It is indeed possible to determine paternity during pregnancy. Prenatal paternity testing uses testing of the baby’s DNA to match it against the potential father’s DNA. There are different things that can be done during pregnancy to determine paternity. The type of test given is determined, in part, by how far along you are in your pregnancy.
During the early part of your pregnancy, between the 10th and the 13th week of pregnancy, a CVS or chorionic villus sampling, can be done to determine paternity. In this procedure, a thin tube or a needle is inserted into the vagina, through the cervix, to try to obtain small pieces of tissue that are attached to the wall of the uterus, known as chorionic villi. The chorionic villi come from the same fertilized egg that produced the fetus, and therefore will have the same genetic makeup as your baby will have.
Between the 14th and the 20th weeks of pregnancy, paternity can be determined through the use of amniocentesis. This is the same test that may be given if your health care provider believes that your baby may have a chromosomal abnormality, such as Down’s Syndrome. During an amniocentesis, the health care provider uses an ultrasound machine to help him as he guides a thin needle into the uterus through the abdomen. The needle will draw just a small amount of amniotic fluid. The amniotic fluid can then be tested for DNA. An amniocentesis does bring with it certain risks. An amniocentesis may contribute to a chance for miscarriage, leaking of amniotic fluid, vaginal bleeding, or cramping.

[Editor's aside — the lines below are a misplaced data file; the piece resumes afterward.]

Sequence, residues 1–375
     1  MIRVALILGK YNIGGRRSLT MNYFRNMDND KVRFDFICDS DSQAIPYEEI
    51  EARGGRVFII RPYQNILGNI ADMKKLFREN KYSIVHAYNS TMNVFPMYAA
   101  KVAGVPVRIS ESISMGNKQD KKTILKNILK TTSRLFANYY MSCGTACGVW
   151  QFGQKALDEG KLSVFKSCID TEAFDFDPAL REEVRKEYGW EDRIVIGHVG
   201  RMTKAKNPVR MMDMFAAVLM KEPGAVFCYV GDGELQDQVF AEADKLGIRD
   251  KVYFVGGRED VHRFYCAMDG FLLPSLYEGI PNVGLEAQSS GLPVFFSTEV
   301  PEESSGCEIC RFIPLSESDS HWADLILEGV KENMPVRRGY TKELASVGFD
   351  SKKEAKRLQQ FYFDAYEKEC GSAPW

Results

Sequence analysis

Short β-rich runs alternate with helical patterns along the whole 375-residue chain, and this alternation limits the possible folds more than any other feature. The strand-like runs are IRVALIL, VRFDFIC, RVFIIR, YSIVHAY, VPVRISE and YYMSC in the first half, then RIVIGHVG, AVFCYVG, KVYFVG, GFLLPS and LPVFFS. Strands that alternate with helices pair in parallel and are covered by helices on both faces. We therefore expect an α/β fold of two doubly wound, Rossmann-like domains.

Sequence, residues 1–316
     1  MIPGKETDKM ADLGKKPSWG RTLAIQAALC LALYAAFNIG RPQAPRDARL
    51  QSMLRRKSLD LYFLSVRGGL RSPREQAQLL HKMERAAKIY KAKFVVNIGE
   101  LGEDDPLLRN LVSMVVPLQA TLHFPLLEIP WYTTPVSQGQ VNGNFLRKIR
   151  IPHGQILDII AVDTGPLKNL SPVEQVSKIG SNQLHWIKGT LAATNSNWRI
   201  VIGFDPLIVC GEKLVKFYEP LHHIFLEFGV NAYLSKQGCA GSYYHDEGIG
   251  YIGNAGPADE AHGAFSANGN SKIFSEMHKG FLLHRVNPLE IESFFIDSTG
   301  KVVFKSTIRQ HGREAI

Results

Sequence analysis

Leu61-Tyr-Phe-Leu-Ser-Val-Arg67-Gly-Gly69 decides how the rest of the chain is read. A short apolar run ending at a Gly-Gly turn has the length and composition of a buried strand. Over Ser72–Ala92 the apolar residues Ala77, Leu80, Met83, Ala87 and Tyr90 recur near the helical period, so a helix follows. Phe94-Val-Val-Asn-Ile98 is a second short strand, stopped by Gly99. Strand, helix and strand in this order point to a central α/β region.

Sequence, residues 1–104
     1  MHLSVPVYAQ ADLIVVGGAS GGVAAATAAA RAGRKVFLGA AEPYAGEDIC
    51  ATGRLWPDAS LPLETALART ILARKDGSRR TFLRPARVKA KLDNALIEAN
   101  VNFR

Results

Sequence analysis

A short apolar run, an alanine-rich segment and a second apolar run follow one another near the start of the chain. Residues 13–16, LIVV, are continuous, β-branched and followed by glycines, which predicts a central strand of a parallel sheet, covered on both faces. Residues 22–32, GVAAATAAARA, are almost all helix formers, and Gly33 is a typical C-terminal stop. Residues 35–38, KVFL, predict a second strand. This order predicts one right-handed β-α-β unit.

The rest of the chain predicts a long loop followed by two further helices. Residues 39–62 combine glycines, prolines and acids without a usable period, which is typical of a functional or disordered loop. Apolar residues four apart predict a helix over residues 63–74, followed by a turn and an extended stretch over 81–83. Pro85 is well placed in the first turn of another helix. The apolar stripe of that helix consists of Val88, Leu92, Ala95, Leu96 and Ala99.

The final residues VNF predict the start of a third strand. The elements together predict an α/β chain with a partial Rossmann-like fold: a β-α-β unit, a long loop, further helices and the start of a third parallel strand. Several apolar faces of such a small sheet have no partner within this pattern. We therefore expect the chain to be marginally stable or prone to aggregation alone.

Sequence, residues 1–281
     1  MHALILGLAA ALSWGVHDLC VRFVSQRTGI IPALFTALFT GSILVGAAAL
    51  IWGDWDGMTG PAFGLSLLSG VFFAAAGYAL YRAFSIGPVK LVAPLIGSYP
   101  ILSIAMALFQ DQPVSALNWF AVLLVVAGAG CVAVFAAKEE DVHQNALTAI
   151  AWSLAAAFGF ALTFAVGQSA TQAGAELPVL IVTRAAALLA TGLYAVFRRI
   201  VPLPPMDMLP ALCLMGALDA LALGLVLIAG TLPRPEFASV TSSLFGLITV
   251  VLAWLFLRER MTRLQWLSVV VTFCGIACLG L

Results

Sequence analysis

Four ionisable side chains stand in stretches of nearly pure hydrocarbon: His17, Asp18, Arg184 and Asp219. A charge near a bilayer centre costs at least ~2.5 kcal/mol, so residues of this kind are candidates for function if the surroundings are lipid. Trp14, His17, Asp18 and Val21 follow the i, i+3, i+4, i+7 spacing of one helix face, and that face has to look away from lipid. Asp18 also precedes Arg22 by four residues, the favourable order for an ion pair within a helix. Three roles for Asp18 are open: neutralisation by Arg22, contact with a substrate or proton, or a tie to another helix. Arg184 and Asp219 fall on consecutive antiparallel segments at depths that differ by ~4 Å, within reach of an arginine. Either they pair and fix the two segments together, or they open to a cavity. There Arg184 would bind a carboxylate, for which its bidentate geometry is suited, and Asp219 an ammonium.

Paternity laws vary from state to state. In many states, if a woman is married, her husband is legally the father regardless of what a paternity test might show. In some states, if the father and mother are not married, the father’s name will not be listed on the birth certificate, without certain paperwork being completed. Make sure you know the legal ramifications of paternity testing in your state before you request the procedure.